Gloucester just isn't on the map.
Most visitors to this part of England, not far from the border with Wales, instead spend their time in the Cotswolds. They miss out on old pubs, historic buildings and notable churches that line the city's streets.
With a population of 121,688 as of the last census, it's not as if this cathedral city and county town or county seat, as Americans would say, of Gloucestershire is small. At the same time, it's not big either. Considering its history dating back to the Romans and through the formation of the Methodist denomination you could say that Gloucester punches above its weight.
At least that was my impression after spending 48 hours here.
The big draw is Gloucester Cathedral or, as it's formally known, the Cathedral Church of St. Peter and the Holy and Indivisible Trinity. Talk about a splendid name.
While somewhat overlooked in a country full of historic churches and cathedrals, it's become a popular setting for movies and TV shows. You might even recognize the 14th century cloisters, which feature the earliest example of fan vaulting, from the "Harry Potter" films.
Gloucester Cathedral is old, but it only became a cathedral at the English Reformation, when Henry VIII dissolved the monasteries and the former abbey became the seat of the first bishop of Gloucester.
In terms of the present building, it dates to the Normans in the late 11th century, although an earlier Anglo-Saxon abbey was here in the 7th century. The architecture, which varies from Norman to Perpendicular Gothic, blends seamlessly.
Of particular note are several church monuments, including the canopied effigy and tomb of Edward II, king of England from 1307 until his abdication in 1327. The great east window is truly great. As big as a tennis court, it was supposedly the largest window in the world at the time of its installation in the 1350s. Among the medieval stained glass are depictions of Christ in majesty and the Virgin Mary.
Other must-sees are the crypt with its bold Norman arches and piers with Anglo-Saxon capitals and the library, which has books and manuscripts dating back centuries. The library archivist, Rebecca Phillips, was particularly helpful in explaining bits of the cathedral's history.
I also visited the ruins of Llanthony Secunda Priory, which was established in the 12th century for Augustinian friars from Wales. Once outside Gloucester's medieval walls, today it sits near a British big-box supermarket akin to Walmart and across from warehouses and trade shops on the edge of Gloucestershire College's campus. A carefully executed restoration and regeneration project is in its final stage with an opening scheduled for later this summer.
Another important project is underway at St. Mary-de-Crypt Church (Norman in origin, but rebuilt in the 15th century) on Southgate Street in the city center and only a short walk from both the cathedral and the city's quay, where old buildings surrounding the docks have been redeveloped into shops, eateries and housing.
Sadly, redevelopment hasn't taken place on High Street (main street in American English), where historic buildings have been mutilated with somewhat hideous street-level façades. In other cases, half-timbered Tudor and Georgian buildings are intermixed with the worst of post-war urban architecture.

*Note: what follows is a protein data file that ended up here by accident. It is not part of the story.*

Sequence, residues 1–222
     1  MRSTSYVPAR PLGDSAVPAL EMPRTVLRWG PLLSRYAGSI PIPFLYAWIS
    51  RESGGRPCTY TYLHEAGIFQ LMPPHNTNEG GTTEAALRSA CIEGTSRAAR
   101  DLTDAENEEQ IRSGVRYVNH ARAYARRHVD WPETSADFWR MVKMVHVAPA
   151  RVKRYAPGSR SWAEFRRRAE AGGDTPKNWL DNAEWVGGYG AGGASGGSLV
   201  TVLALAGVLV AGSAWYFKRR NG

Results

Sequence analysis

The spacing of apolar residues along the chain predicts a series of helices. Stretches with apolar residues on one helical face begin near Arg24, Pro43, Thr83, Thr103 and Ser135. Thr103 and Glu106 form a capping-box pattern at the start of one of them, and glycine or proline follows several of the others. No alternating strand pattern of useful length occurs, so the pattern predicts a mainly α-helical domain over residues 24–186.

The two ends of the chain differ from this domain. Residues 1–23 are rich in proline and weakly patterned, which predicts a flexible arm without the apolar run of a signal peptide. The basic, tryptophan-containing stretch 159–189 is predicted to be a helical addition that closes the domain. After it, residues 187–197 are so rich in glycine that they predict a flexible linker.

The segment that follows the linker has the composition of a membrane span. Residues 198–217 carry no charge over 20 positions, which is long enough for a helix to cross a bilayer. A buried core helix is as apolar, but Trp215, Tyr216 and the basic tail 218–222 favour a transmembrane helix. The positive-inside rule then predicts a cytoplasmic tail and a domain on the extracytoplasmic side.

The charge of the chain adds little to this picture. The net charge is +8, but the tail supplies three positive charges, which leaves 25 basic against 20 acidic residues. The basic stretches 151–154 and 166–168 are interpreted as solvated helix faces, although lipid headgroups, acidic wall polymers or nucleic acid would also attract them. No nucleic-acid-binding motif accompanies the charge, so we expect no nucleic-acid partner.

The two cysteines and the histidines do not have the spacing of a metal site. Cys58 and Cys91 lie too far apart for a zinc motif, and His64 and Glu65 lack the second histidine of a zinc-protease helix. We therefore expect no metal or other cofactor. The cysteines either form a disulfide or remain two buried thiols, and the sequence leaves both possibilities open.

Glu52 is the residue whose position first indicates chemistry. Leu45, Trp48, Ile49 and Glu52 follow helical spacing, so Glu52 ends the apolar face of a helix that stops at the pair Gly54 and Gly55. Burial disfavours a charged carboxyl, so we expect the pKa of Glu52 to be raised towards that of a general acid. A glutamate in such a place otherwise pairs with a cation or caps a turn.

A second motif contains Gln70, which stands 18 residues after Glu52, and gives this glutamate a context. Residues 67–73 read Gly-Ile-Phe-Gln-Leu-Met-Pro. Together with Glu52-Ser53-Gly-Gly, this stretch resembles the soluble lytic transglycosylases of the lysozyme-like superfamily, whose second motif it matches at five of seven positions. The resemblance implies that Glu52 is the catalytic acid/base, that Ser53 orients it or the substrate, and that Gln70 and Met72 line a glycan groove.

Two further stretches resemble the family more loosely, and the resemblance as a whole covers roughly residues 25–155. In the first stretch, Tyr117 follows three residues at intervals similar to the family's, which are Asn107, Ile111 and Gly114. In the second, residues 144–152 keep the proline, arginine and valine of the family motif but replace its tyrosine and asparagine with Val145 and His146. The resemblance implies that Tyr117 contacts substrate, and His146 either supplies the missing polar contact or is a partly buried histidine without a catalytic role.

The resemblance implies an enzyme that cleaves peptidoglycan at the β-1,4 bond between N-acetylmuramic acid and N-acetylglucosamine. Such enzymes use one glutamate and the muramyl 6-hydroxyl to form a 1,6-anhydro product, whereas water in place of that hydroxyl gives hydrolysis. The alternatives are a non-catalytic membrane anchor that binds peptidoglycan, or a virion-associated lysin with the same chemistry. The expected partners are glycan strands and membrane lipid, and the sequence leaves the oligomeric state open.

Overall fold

Some might be surprised to see a prominent church — St. Mary-de-Crypt was the church of middle-class merchants and city leaders — so close to a grand cathedral. Admittedly, that is odd today, but until quite recently it wouldn't have been common for a cathedral, let alone a pre-Reformation abbey, to have a sizable congregation. In those days, almost everyone attended their local parish church even if it was within walking distance of a cathedral.
St. Mary-de-Crypt is also where Gloucester's Methodist connection comes alive.
It was here where evangelist George Whitefield, a Gloucester native who co-founded Methodism with the Wesleys, first preached in 1736. On top of that, the Sunday school movement was founded here by Robert Raikes, a contemporary of Whitefield.
If you go
Regular readers of this column know I don't like organized tours, particularly group tours as I don't want to be on someone else's schedule. For this visit, I booked individual tours through Gloucester Civic Trust and Gloucester Cathedral. Each guide was knowledgeable and eager to show me countless nooks and crannies.
I stayed 4 miles from the cathedral at the Mercure Bowden Hall Hotel.
Located on 12 acres in Upton St. Leonards, a small village that mixes the charm of countryside life with the convenience of living in a bedroom community, Bowden Hall is at its core a Georgian squire's mansion with a Regency-era façade.
I had dinner both nights at the hotel, albeit in the drawing room off the side of the front desk because getting a table reserved for when I wanted was impossible, despite plenty of open tables. Also, dinner service doesn't start until 7 p.m., which is tolerable in the summer but rather late for fall and winter. Both the bar and restaurant menus were fine. The wine list, which includes an interesting English sparkling wine, was sufficient with something for everyone but would benefit from a sommelier to suggest pairings.
I highly recommend Bowden Hall, not least because you would never know Mercure is a big chain. This recently renovated 72-room, 4-star hotel feels more boutique than corporate. Rooms from £101 (approximately $134), including breakfast.
Gloucester is easily accessible by car and train, though a rental car is best. The closest international airport, about 45 miles away in Bristol, is reachable from the United States with one-stop connections in Dublin on Aer Lingus and Amsterdam on Delta and partner KLM.